Even as America's fascist judges extol the Rule of Law to the heavens, government is more and more an ad hoc affair driven by the whims of those in power.
The General Assembly (GA) of Colorado is at war with the People it supposedly represents. It just reinstituted all the felonies for cannabis and made some conduct involving it a Class 1 felony, like murder. The State has every intention of continuing to make felons of its citizens for exactly the same conduct it will license in dispensaries. No narcs are being fired or reassigned. The People of Colorado just declared in our Constitution that cannabis "should be regulated in a manner similar to alcohol", and the gravest offense under the Liquor Code is a misdemeanor, but it may require another constitutional amendment to compel our government to take heed.
On another front, the idiots in the General Assembly also failed to send voters the excise tax we authorized last November; instead, they referred an initiative trying to grab an extra 15% (misrepresented as 10%) sales tax surcharge on top of the 15% excise. Not only are they denying voters the right to vote up or down the tax we did authorize, the surcharge is grossly excessive and wholly unjustified. Not to be outdone, Denver's City Council also wants to be able to raise up to another 15% sales tax surcharge (but it wants people to think it's only asking for another 3.5%).
Consider that both State and local governments have realized large increases in tax revenue from sales taxes on medicinal cannabis -- facing the certitude of multiplied revenues from sales taxes on general retail sales of cannabis to adults, the State and Denver are demanding far, far more. Effective retail tax rates on cannabis could exceed 33% statewide and 53% in Denver, which are high enough to provide robust support for the black market (which suits the Establishment fine, since they still want to keep arresting people for cannabis). The GA's proposed taxes are high enough to undercut the purpose of Amendment 64 that regulated trade supplant illicit commerce, and the sales tax surcharges will cut into the excise supposed to support school construction. Why not see how the General Assembly and Denver spend all the money they are going to make from existing sales taxes when they are applied to general retail sales first, before contemplating new, exorbitant, and extra-constitutional taxes? The Constitution directs the General Assembly to enact the excise by January 1, 2017; they failed to do so this year. While they have plenty of time yet, perhaps the People should initiate a referendum to apply a 15% excise on cannabis themselves, since the General Assembly cannot be relied upon to follow the Law.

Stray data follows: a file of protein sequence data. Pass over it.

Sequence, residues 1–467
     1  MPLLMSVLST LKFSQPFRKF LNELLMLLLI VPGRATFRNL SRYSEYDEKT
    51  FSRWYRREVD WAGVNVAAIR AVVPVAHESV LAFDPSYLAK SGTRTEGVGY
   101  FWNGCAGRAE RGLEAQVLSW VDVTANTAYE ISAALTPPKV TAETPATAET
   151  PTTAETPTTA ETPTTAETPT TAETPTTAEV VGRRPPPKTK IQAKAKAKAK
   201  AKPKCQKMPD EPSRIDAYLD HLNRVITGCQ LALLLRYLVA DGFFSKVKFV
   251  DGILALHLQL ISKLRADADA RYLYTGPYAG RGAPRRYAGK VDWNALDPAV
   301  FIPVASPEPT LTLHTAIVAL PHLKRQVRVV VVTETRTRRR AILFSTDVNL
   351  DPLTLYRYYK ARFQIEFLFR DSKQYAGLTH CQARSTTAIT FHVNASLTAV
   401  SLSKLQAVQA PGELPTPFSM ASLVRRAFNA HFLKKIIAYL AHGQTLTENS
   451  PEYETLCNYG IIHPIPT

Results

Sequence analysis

VOTE NO ON AA (statewide), VOTE NO ON 2A (in Denver)!
The liars who claim that legal cannabis is a threat to public safety are themselves a threat to American Liberty -- generations of traitors to our founding ideals made and continue to sustain Prohibition. Those who turned the supposed "land of the free" into the world's leading jailer should be beyond the protection of our laws. They have done far more harm to our country than any other terrorists. How riddled with fascism must Colorado Springs be to elect the likes of Doug Lamborn, Dan May, and Steve Bach?
The sale and taxation of cannabis is a sideshow -- the main issue should be that the General Assembly completely failed to revise the criminal code to reflect the fact that the People Of Colorado just declared that cannabis "should be regulated like alcohol". Violating the Liquor Code (Title 12, Article 47 of the C.R.S.) is a misdemeanor, not the Class 5, Class 4, Class 3, amd even Class 2 felonies for conduct involving cannabis. While supposed activists obsessed about vertical integration and retail sales, the bill supposed to implement the criminal law recommendations of the A64 Task Force (SB13-283) was characterized as the consensus of the Task Force, amd only I testified against it when it first was heard in committee. That bill re-stated all the felonies for cannabis already in Title 18, Article 18 of the C.R.S. -- now, the bill just kicks the issue back to the ineffectual CCJJ for "study". Colorado is charging ahead to license the cultivation, distribution and sales of cannabis by next January while continuing to make felons of its citizens for those same activities, with no plans to stop! Every felony statute against cannabis remains on the books, though police, judges, and most especially, jurors should put a halt to all prosecutions for cannabis until and unless the General Assembly heeds the Constitution and removes felony penalties for cannabis from the Colorado Revised Statutes.